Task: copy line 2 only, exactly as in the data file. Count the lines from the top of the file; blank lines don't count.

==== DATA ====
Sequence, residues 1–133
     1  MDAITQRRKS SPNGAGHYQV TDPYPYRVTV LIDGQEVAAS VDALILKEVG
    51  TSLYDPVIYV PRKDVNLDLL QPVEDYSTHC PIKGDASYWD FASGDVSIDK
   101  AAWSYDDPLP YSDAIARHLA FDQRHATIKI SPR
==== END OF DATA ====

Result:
     1  MDAITQRRKS SPNGAGHYQV TDPYPYRVTV LIDGQEVAAS VDALILKEVG